Anchor Bay Entertainment brings 2 new action/thrillers from some of Hollywood’s newest action stars to home video with “Fast Five” and MMA star Gina Carano’s “In the Blood” and “Game of Thrones” and “Conan” (the remake) star Jason Momoa’s Road to Paloma. Both films back up our stars with recognizable supporting casts and promise a lot of action, but can they deliver a story beyond the fists?
“In The Blood” marks the second time Gina Carano has been the main star of a film after headlining the Steven Soderbergh 2011 film “Haywire” and Carano seems to be finding her niche in front of the camera. A no nonsense type of girl with a violent past, raised by a survival fanatic father played by “Avatar’s” Stephen Lang, Carano’s Ava is not afraid to let her fists do the talking, much to the surprise of her newlywed husband (Cam Gigandet). After her husband disappears, she goes on a one woman crusade to find his whereabouts, breaking 100’s of body parts along the way.
In the Blood is a fun action film, with some ridiculous twists and some very sloppy writing at parts that gets sillier as the film goes along, but is filled with some top notch fighting. Add in genre legends Danny Trejo, Treat Williams and Luis Guzman for supporting roles with “Prison Breaks’s” Amaury Nolasco as the picture’s big baddie and what results is a fun romp through the Caribbean. Carano’s leads the film with a confidence that was only evident in parts of Haywire, showing that she may be developing into the kick ass leading female action star Hollywood has wished she could be. The disc contains only 1 small special feature but the action is shot very well and the story never wains, and at around $20 new, In the Blood is a fairly solid investment.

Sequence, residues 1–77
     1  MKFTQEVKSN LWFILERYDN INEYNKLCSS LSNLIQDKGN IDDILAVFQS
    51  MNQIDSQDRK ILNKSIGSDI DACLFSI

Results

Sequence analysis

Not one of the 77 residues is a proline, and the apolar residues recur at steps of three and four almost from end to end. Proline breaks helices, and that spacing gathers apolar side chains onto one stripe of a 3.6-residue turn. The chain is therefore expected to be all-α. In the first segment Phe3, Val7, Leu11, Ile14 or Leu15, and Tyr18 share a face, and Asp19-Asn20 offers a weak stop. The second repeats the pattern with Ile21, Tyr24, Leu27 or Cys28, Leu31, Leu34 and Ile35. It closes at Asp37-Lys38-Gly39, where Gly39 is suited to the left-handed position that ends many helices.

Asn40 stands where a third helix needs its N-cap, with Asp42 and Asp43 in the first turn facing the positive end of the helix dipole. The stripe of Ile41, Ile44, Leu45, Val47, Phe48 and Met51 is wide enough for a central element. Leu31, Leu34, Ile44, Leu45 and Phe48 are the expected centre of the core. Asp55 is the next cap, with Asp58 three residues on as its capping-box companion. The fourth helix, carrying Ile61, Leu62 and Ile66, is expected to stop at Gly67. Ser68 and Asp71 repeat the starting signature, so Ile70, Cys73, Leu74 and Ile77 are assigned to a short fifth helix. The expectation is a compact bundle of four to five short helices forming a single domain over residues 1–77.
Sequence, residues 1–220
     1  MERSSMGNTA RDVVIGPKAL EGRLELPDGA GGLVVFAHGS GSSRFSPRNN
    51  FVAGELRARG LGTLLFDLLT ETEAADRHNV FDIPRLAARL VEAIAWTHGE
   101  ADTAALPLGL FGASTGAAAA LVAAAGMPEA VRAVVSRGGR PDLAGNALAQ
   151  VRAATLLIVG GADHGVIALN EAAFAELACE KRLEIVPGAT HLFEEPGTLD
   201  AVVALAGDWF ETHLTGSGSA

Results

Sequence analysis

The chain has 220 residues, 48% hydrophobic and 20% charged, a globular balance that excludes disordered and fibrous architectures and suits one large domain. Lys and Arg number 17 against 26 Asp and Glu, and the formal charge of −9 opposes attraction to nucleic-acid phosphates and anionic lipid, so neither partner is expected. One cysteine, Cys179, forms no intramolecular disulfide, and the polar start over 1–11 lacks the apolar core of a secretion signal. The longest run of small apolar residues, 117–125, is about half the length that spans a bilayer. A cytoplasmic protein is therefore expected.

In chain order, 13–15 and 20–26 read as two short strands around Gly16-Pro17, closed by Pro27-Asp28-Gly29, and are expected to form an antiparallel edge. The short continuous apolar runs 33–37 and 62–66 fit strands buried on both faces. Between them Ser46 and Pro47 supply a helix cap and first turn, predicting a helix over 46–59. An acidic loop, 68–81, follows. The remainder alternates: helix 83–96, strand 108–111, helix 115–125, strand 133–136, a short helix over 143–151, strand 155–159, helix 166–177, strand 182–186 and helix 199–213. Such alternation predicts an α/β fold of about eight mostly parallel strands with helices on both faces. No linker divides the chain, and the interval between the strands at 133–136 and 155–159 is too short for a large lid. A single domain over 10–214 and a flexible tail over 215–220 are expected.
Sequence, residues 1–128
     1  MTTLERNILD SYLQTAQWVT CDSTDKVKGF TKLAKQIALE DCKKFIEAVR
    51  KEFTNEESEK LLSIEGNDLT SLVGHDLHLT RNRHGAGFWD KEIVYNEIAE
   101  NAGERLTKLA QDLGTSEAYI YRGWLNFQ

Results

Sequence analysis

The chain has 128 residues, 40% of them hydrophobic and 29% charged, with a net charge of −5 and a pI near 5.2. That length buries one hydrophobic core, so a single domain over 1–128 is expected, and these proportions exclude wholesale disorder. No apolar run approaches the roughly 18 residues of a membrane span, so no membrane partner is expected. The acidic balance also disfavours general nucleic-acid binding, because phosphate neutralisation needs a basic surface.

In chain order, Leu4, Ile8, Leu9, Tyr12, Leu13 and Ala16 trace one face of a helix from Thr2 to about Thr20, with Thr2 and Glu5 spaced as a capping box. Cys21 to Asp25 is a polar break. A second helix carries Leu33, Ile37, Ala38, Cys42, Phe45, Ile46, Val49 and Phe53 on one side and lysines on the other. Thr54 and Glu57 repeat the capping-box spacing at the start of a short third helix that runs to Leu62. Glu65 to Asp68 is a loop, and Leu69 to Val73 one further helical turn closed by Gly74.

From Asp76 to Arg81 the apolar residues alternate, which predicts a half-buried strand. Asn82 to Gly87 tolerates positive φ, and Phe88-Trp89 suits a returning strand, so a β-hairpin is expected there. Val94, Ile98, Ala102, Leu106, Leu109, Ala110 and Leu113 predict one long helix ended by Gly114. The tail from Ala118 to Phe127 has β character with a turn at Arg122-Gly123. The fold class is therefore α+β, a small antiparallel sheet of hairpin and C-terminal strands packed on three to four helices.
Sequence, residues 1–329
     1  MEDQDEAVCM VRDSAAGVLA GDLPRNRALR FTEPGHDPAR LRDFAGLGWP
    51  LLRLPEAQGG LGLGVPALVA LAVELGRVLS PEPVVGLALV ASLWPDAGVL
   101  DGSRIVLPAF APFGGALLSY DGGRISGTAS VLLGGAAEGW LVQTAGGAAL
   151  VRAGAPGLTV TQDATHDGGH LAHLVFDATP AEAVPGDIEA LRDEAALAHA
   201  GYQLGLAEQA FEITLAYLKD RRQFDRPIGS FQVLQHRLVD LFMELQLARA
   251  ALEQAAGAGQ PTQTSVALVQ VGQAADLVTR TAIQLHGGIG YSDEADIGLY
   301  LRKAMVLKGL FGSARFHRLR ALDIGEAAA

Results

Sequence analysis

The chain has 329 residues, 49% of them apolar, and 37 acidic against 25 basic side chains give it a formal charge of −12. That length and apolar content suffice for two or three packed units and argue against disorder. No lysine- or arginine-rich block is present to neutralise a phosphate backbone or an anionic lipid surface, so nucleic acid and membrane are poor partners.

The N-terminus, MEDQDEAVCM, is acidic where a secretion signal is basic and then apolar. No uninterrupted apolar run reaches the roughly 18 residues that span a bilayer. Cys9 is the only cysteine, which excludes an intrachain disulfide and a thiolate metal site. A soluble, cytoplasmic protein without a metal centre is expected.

“Road to Paloma” carries more of a personal investment for star Momoa in that he co-wrote, with co-star Robert Homer Mollohan, and made the film his directorial debut. The story of a Native American known simply as Wolf, who sought his own brand of justice after the murder of his mother, and his winding trip through native land to say goodbye to all he loves while being tracked by a vicious FBI agent, only concerned with bringing him down.
Also featuring a stellar supporting cast that includes Wes Studi as his father, Sarah Shahi as his sister, real life wife Lisa Bonet as a love interest and Timothy V. Murphy as the man tracking him down, Road to Paloma packs a more dramatic punch than what would be first expected. The action sequnces are few and far between in what becomes a more brooding and desperate trip across country in desperate attempt to disappear into the back country. Momoa does a decent job with the dramatic endeavours, helped greatly by his supporting cast, minus a flighty and uneven performance from co-writer Mollohan, as Bonet, Shahi, Murphy and Micheal Raymond-James as Wolf’s brother-in-law all deliver excellent performances. Momoa’s is a smart enough director to frame the action that does happen well and use the strong supporting characters to do the heavy lifting. The disc also only carries 1 special feature, but the film is a solid directorial debut that is worth the effort in the end.
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Opening tomorrow in theaters is the latest blood drenched opus from Robert Rodriguez‘s grindhouse fascination, and sequel to the original “Grindhouse” movie spinoff “Machete”, Machete Kills. Here to tell us all about his love for the Machete madness is friend of the site and proprietor of GMan Reviews Andrew Robinson.
With the first film I found myself completely and utterly disappointed and I feel it was from a place of lost expectations. A film, based on a joke that was initially meant only to be that encapsulated by a (roughly) two minute trailer, where they decided to do that very narrative promised in the trailer felt like the epitomy of the “all the best parts were in the trailer” complaint that many film fans love to lob at these big dumb films. However, far away from that production process, starting anew Machete Kills has it’s own slew of dumb action gags that are ripe for joyous film lovers to dig deep into. (more…)